Oil prices climbed Tuesday on expectations of a slower — but still growing — global economy.
Benchmark crude rose $1.96, or 2.3 percent, to end the day at $88.34 per barrel in New York. Brent crude, used to price many international kinds of oil, rose 99 cents to finish at $111.15 a barrel in London.
Oil fell early in the day after China said its surging economy cooled slightly in the last quarter. But prices rebounded by midday, following a broad rally on Wall Street.
Analysts pointed out that even though China's economy slowed a little from July to September, its 9.1 percent growth rate was still red hot when compared with the West. China is the second biggest oil consumer in the world after the U.S.
Meanwhile a U.S. trade group said homebuilders are less pessimistic about the struggling housing market. The National Association of Home Builders reading wasn't high enough to signal a recovery, but it was still good news for the beleaguered housing industry.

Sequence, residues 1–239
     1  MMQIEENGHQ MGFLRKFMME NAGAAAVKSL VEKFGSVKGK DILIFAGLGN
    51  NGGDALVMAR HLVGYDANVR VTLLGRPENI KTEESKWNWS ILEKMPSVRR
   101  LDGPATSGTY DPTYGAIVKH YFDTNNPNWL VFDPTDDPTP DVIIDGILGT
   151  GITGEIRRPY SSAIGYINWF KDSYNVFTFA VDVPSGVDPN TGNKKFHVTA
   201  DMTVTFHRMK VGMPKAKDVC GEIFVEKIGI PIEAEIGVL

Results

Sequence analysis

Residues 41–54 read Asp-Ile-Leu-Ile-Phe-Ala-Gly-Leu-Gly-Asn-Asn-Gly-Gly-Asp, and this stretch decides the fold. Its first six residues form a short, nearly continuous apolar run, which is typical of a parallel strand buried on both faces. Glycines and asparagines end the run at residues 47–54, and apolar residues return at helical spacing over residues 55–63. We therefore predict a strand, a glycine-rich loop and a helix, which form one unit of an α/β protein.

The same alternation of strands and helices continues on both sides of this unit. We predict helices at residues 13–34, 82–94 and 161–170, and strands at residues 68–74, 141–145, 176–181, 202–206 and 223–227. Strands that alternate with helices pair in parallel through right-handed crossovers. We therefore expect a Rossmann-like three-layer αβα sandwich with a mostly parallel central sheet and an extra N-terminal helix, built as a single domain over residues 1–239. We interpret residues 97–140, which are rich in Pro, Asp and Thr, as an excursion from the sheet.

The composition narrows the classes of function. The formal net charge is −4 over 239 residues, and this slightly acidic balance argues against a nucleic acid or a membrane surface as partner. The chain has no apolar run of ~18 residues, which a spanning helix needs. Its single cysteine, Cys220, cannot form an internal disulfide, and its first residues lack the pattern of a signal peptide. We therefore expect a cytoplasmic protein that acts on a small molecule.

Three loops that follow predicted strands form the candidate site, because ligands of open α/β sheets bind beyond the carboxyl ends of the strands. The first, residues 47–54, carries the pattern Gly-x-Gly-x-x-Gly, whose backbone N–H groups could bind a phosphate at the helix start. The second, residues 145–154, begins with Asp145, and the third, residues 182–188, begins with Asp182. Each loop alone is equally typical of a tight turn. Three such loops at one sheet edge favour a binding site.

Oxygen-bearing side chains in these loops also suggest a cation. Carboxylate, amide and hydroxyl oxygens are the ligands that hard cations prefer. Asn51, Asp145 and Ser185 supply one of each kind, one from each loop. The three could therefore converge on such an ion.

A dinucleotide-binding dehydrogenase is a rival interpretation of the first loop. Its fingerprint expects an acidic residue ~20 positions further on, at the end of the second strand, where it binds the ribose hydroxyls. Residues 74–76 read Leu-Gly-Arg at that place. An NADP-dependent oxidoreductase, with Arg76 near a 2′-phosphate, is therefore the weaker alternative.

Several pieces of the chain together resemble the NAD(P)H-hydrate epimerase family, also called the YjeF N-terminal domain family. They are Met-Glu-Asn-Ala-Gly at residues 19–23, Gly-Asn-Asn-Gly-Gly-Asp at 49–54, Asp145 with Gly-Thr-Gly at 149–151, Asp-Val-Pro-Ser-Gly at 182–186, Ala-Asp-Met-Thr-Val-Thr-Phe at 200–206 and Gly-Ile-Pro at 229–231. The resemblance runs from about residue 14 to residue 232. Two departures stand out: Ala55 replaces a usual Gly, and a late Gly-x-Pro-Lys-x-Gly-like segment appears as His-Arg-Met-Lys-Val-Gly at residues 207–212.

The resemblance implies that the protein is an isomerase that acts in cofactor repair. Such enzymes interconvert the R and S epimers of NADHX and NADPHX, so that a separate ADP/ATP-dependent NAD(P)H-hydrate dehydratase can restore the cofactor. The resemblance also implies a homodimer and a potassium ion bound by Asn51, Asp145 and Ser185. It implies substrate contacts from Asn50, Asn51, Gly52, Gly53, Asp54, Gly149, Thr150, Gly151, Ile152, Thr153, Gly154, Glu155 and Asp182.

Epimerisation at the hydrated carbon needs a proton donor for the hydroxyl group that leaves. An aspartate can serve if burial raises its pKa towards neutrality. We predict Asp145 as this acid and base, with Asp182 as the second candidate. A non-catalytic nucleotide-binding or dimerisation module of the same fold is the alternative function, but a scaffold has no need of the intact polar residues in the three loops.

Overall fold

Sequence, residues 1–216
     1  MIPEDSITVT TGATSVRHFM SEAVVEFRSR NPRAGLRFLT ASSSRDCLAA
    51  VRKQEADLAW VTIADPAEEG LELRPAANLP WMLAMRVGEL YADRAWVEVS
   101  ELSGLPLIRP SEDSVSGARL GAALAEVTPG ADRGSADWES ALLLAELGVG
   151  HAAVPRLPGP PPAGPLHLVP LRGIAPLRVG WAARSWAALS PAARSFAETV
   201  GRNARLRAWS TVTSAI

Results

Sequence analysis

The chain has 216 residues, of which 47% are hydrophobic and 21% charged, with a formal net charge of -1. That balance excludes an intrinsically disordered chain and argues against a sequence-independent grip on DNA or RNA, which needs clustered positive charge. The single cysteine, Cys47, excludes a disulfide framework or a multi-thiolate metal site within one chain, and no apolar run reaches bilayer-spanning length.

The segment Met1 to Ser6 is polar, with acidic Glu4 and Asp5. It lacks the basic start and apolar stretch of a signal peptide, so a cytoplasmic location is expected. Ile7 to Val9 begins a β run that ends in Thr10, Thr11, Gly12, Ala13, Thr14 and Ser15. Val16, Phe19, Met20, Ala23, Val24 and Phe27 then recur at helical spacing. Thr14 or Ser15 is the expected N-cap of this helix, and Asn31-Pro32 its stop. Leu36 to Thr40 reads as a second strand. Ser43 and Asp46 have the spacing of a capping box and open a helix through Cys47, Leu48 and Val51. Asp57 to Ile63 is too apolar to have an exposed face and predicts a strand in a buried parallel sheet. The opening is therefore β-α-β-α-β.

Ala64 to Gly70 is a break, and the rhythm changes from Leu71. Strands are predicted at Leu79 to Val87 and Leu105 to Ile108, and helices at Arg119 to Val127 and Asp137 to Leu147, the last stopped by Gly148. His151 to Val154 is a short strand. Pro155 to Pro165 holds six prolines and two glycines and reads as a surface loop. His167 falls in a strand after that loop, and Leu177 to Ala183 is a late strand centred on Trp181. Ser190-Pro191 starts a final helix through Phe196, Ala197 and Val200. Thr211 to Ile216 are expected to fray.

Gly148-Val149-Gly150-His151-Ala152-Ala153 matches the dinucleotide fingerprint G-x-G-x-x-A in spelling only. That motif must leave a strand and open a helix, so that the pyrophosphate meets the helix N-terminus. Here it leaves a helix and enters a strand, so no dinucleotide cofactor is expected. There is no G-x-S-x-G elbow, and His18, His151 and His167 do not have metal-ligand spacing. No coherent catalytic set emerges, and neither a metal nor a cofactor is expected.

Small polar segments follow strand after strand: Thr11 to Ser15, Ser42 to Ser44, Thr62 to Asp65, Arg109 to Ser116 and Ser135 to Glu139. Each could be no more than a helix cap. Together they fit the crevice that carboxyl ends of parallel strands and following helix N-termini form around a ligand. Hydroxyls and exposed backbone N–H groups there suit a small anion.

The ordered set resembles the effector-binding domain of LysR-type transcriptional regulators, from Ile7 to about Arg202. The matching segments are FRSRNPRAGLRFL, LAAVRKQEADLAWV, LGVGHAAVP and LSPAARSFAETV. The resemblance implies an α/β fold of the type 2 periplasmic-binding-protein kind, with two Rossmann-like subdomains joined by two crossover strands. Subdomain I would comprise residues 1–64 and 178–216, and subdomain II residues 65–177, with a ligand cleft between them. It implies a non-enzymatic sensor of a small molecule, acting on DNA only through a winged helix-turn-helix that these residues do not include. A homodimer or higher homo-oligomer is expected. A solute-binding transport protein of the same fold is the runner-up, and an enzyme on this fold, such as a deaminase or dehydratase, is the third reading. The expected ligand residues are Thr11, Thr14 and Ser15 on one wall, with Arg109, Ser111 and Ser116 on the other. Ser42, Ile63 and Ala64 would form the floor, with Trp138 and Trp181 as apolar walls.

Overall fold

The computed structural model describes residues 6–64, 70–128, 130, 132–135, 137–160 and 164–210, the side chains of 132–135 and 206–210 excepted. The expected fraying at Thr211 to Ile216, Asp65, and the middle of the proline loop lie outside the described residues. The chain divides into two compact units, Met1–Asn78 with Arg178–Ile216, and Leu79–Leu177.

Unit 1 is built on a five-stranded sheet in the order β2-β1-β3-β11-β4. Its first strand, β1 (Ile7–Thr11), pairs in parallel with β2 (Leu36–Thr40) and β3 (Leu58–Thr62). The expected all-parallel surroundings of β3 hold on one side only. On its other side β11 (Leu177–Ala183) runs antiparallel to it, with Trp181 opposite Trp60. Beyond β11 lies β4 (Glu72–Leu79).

In Libya rebels strengthened their control of the country. That raised expectations that Libya soon will be able to supply oil to world markets again. A return of Libyan exports would lower oil prices as supplies increase, but some think it will be a while before Libyan oil returns. "We're still waiting for those exports," independent oil analyst Andrew Lipow said. "I'll believe it when I see it."
Libya's 1.5 million barrels of daily oil exports were shut down when fighting spread across the country in February. The loss of Libyan oil helped drive benchmark prices to three-year highs by April.
At the pump, retail gasoline prices rose less than a penny to a national average of $3.469 per gallon, according to AAA, Wright Express and Oil Price Information Service. A gallon of regular has dropped nearly 53 cents since peaking near $4 in May, but it's still nearly 64 cents higher than a year ago.
High pump prices this year have convinced more people to make fewer trips to the gas station. U.S. motorists have bought less gasoline than a year ago for five straight months, according to MasterCard SpendingPulse. Its private survey of credit card transactions estimates that gas consumption last week was down about 3 percent from the same period last year.
In other energy trading, heating oil rose 1.41 cents to end at $3.0277 per gallon, while gasoline futures added less than a penny to finish at $2.7469 per gallon. Natural gas fell 13.5 cents, or 3.7 percent, to end at $3.553 per 1,000 cubic feet.
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